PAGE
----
Shadow IT: A Brief History
Enterprise IT was traditionally highly structured, expensive, and limited to a known set of hardware and software vendors. Every project would take a long time (months/years) to implement, typically requiring a lot of custom development to make it all work.
With this history, it’s no surprise that a company’s internal IT function strove to reduce variables. It was hard enough to get the solution you paid for to work well. And as long as employees were using desktop computers connected to the corporate network, keeping tight control and reducing variables was relatively straight forward.
As the consumer computer industry grew and accelerated by the rise of the Internet, we began to see a “consumerization” of IT. Employees started using laptops, on home networks and on the road. They started using their own computers and phones for “company” work. This created a massive headache for the traditional IT world that sought control and elimination of variables.
To manage this changing landscape, IT began its long fight against any non-sanctioned technology products. They even created a disparaging term for these unofficial products: “Shadow IT.” The traditional response to Shadow IT was to eliminate it and return control to the centralized process. An entire sweet of tools was built to help manage and control Shadow IT. Wikipedia lists out the typical “implications” of Shadow IT.
- Wasted time
- Inconsistent business logic
- Inconsistent approach
- Wasted investment
- Higher risk of data loss or leaks
- Barrier to enhancement
- Organizational dysfunction
- Effect on IT Departments
Notice a common thread; they are all negative. This is not an accident. And this pejorative attitude towards Shadow IT is pervasive to this day.
SaaS: Pandora’s Box for Shadow IT
While Shadow IT was a problem before SaaS, the proliferation of free, freemium, and inexpensive per-seat SaaS offerings resulted in a massive explosion in Shadow IT. This trend is exacerbated by shifting employee preferences. Employees are demanding to use their own devices (the massive BYOD trend). They are demanding better products that are as usable as the consumer software they’re used to. They are demanding to be able to work from anywhere. When employees are off the corporate network and hardware, traditional tools for managing and fighting Shadow IT (e.g. packet sniffing, computer agents) are rendered ineffective.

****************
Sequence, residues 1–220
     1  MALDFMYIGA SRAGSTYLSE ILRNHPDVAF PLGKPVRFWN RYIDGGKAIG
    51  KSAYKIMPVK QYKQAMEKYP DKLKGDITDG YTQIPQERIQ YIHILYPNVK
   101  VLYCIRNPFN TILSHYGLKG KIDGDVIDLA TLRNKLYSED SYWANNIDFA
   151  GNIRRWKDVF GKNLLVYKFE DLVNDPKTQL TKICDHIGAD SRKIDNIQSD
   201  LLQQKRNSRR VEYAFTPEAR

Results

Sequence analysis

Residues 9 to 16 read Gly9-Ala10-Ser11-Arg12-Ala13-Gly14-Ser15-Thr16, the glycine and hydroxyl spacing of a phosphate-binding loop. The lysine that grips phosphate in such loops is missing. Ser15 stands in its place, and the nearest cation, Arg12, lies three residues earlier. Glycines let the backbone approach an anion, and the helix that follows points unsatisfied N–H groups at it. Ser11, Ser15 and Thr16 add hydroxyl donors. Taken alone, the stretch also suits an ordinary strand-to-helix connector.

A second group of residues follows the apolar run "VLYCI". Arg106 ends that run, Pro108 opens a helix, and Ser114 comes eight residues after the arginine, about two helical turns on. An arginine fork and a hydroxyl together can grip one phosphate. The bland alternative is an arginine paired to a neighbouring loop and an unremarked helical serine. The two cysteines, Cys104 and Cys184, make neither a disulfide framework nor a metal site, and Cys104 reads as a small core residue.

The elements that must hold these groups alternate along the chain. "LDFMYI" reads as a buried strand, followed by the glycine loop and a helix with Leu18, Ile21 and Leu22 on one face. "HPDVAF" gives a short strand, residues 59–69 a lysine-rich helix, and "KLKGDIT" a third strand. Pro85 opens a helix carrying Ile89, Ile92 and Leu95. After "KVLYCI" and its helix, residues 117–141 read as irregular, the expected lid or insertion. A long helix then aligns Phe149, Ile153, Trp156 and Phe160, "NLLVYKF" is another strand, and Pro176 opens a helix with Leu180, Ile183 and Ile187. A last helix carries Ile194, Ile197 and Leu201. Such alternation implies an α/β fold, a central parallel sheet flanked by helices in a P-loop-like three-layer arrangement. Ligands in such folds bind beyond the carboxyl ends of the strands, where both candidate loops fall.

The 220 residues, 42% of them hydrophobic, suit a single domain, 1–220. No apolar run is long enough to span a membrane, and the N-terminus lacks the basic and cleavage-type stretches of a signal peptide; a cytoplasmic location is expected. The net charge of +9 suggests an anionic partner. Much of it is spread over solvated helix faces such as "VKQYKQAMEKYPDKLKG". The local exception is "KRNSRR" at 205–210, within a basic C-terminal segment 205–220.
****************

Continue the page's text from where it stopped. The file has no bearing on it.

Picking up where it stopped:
In fact, this desire for tight control has probably been counter-productive. As IT gets increasingly restrictive, employees simply go completely outside the view of traditional IT. This exacerbates Shadow IT, resulting in a much larger surface area of company tech usage and data sharing that is invisible to IT.
Inverting Shadow IT: Enlightened IT
The first step to effectively manage IT in today’s often SaaS first world is an inversion of the typical attitude towards Shadow IT. Instead of focusing exclusively on its negative effects, we should also focus on the many benefits of this new world:
- Leveraging intelligence of the ENTIRE organization, not just IT / leadership
- Encouraging more experimentation leads to new product discover and quicker org-wide adoption of new tools.
- Organic adoption results in employees using the products they want
- Better product discovery as decisions get pushed to “users”
- Happier more productive employees
The way to do that is to invert the traditional attitude towards Shadow IT. To start with permission and restrict if needed, vs to start with restriction and approve in a centralized process. To require products be blacklisted to prevent usage, rather than wait for them to be whitelisted before allowing usage.